Witness Federal Court Judge Virginia Phillips dismissing 8 separate class actions on the same pretext: that the banks and builders weren't responsible for the calamity which has put millions out of their homes, but that the "economy" or the "recession" was to blame. With judges like Phillips front-running litigation for the bank fraudsters, is there really any reason to believe in democratic principles like justice, fairness, or even due process any more?

The obvious answer is no, and that bodes ill for all of us, present and future. Baby boomers should face facts: our parents were probably the most prosperous generation ever in America, but we are less fortunate, with every excess dollar seemingly earmarked for either utility rate hikes, tax increases or supplements to the wildly out-of-control and under-funded entitlement programs. The baby-boomer generation will be lucky to retire with any kind of benefits, as the Social Security fund is already running current-account deficits. The government will have to either borrow or tax to pay the millions who will be retiring in the next decade, and borrow in enormous sums.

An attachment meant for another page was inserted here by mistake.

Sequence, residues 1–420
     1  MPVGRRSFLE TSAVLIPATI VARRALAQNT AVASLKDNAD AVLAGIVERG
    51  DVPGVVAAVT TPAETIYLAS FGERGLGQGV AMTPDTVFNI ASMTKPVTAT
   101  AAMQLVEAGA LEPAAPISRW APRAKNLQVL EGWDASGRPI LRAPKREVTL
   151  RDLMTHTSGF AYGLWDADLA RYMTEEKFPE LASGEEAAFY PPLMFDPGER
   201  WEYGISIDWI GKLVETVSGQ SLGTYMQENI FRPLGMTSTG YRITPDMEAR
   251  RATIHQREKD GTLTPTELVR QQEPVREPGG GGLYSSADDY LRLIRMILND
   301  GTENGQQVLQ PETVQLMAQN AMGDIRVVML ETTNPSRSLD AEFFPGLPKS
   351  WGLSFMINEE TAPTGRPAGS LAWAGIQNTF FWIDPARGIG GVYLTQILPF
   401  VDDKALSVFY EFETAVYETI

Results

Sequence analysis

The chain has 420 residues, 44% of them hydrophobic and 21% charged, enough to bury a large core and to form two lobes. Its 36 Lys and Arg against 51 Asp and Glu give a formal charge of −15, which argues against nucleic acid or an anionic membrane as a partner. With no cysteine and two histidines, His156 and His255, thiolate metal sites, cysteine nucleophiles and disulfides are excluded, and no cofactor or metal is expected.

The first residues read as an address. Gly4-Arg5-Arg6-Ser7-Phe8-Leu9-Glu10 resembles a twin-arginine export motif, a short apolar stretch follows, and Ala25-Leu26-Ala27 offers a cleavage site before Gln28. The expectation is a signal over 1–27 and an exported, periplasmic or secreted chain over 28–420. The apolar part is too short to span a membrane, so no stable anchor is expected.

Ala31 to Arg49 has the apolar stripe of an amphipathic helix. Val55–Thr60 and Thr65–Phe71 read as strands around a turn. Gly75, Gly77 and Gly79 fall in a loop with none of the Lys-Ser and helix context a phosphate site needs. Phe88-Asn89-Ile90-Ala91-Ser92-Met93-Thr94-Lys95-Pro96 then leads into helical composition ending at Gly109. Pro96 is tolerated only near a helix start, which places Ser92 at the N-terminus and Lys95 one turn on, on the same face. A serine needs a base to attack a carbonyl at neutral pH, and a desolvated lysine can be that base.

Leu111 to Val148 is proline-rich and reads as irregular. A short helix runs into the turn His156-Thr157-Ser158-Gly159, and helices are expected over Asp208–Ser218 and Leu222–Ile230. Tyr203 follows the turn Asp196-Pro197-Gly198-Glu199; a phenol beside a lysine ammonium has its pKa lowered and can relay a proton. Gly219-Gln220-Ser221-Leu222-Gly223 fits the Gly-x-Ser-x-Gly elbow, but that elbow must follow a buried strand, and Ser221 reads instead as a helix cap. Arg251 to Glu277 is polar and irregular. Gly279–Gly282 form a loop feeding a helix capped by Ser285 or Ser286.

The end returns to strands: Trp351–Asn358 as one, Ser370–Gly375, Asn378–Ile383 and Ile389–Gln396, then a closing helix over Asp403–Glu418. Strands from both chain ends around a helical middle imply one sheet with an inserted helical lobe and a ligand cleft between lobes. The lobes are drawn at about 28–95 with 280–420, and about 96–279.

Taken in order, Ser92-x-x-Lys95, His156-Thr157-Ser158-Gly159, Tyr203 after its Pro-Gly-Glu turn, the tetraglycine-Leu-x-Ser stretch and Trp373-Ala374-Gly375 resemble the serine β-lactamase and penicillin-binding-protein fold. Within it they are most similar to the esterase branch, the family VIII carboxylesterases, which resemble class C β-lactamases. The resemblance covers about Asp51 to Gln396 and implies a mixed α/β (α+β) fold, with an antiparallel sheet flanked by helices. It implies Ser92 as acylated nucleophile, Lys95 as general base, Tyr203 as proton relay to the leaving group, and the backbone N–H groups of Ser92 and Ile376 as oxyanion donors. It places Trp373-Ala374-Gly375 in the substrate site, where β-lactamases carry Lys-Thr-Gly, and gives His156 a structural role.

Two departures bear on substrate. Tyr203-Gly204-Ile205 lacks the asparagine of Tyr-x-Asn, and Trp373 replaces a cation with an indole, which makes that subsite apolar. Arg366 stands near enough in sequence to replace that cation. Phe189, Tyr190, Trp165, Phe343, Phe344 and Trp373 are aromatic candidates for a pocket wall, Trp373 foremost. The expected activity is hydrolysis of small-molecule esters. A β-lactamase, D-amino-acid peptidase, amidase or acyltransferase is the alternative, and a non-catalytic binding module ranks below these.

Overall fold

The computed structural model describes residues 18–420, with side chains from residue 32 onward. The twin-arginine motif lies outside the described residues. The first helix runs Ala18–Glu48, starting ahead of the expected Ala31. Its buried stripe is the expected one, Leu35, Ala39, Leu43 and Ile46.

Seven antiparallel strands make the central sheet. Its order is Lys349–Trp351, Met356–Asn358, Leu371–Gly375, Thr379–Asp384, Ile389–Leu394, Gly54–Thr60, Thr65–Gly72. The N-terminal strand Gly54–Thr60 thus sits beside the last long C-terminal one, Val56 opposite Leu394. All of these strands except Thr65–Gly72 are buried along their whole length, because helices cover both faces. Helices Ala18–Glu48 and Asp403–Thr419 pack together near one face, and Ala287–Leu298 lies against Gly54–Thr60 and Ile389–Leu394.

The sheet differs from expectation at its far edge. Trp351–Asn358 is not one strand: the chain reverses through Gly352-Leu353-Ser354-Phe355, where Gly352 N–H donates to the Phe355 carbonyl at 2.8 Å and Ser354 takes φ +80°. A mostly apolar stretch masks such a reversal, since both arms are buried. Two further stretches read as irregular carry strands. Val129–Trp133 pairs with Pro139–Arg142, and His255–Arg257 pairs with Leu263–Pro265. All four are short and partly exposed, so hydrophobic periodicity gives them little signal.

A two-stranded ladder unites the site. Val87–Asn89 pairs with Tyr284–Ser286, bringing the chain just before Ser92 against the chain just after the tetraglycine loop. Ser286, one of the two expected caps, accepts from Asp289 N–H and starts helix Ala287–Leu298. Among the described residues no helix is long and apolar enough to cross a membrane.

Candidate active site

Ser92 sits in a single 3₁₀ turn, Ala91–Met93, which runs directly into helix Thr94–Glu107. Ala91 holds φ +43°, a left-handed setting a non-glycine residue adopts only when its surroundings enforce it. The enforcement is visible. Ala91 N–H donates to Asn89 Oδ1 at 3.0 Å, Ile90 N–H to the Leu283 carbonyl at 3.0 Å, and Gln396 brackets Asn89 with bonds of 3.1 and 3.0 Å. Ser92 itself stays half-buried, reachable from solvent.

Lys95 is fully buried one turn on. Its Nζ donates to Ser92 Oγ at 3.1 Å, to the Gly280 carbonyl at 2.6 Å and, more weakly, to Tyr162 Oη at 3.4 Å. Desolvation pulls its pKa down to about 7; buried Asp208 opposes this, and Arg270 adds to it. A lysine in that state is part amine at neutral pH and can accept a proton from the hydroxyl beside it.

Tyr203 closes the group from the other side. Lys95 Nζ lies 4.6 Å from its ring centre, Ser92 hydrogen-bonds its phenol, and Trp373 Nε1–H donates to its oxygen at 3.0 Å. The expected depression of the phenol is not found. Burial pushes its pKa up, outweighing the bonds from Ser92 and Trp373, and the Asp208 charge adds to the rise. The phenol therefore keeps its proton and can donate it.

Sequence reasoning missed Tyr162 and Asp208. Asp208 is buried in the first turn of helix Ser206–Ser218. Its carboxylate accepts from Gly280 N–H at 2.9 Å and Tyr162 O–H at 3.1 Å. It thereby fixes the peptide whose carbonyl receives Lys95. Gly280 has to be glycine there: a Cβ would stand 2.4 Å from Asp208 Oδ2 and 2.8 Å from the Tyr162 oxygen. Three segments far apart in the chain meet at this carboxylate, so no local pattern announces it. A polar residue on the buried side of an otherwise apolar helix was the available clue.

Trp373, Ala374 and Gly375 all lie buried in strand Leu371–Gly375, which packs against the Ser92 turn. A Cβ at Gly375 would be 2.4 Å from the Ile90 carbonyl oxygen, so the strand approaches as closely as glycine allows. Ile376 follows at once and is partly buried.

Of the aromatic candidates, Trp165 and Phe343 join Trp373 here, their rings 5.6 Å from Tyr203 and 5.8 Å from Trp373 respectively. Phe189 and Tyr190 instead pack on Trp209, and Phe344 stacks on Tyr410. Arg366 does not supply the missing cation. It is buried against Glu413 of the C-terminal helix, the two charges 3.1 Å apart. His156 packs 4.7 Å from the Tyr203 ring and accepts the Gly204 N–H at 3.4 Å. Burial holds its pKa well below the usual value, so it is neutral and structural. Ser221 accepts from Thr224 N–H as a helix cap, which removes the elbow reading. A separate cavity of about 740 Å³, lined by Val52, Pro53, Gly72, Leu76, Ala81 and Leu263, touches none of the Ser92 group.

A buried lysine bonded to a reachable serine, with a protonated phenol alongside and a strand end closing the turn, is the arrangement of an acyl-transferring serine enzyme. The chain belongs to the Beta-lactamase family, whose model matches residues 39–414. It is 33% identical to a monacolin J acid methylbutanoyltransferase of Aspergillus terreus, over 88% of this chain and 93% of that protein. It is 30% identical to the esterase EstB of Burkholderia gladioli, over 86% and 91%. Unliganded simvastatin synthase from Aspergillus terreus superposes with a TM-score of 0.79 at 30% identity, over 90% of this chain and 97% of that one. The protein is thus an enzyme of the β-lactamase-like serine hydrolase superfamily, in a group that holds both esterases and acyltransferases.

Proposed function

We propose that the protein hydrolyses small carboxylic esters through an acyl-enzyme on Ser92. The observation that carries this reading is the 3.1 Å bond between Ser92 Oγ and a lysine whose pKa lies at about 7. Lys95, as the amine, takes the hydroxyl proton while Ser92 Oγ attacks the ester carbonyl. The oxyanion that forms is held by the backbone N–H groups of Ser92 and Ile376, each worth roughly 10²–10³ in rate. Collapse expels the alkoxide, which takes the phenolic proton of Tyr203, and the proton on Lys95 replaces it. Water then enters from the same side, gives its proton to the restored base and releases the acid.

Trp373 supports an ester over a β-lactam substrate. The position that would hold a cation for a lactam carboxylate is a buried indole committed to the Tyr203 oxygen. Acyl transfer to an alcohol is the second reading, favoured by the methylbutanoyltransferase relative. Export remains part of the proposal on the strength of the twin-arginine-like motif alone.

In the meantime, Americans mostly continue to work and try to save, though for many, that has become an increasingly difficult task. Unemployment is expected to remain stubbornly high for at least another three years, with 8% now being hailed as a benchmark, though in reality, the current 9.7% rate is actually closer to 18% when all the conditional arguments are removed from the government's calculations.

Wall Street could care less, though their rapacious greed could turn out to be their own worst enemy. Without a spending public, many of the major enterprises will crumble for lack of new suckers (funding). It cannot happen too soon, for only then will there be a reckoning and justice for all.

Dow 11,124.92, +7.86 (0.07%)
NASDAQ 2,504.61, +4.30 (0.17%)
S&P 500 1,205.93, -1.24 (0.10%)
NYSE Composite 7,644.67, -24.44 (0.32%)

Once again, the indices rendered a split decision, with two up and two down, indicating that a turn is approaching. Advancing issues led decliners, 3534-2957. 767 new highs overshadowed the mere 47 new lows. Volume was back up again, though it's likely due more to position trades than anything else, i.e., keeping the markets on an even keel by manipulating a range of stocks.

NYSE Volume 6,301,928,500
NASDAQ Volume 2,644,937,250

Oil was down, gold and silver, up, all three stuck in trading ranges they have occupies for months. Those prices are deliberately being manipulated to keep order in the global economy. Central banks fear gold because their currencies are backed by nothing but empty promises, and the oil sheiks and oligopolies can maintain production without social unrest at abysmally high prices.

Its a sad world condition, in which the rich now control a larger concentration of wealth than at any other time in history, except for maybe the Middle Ages or the Roman Empire.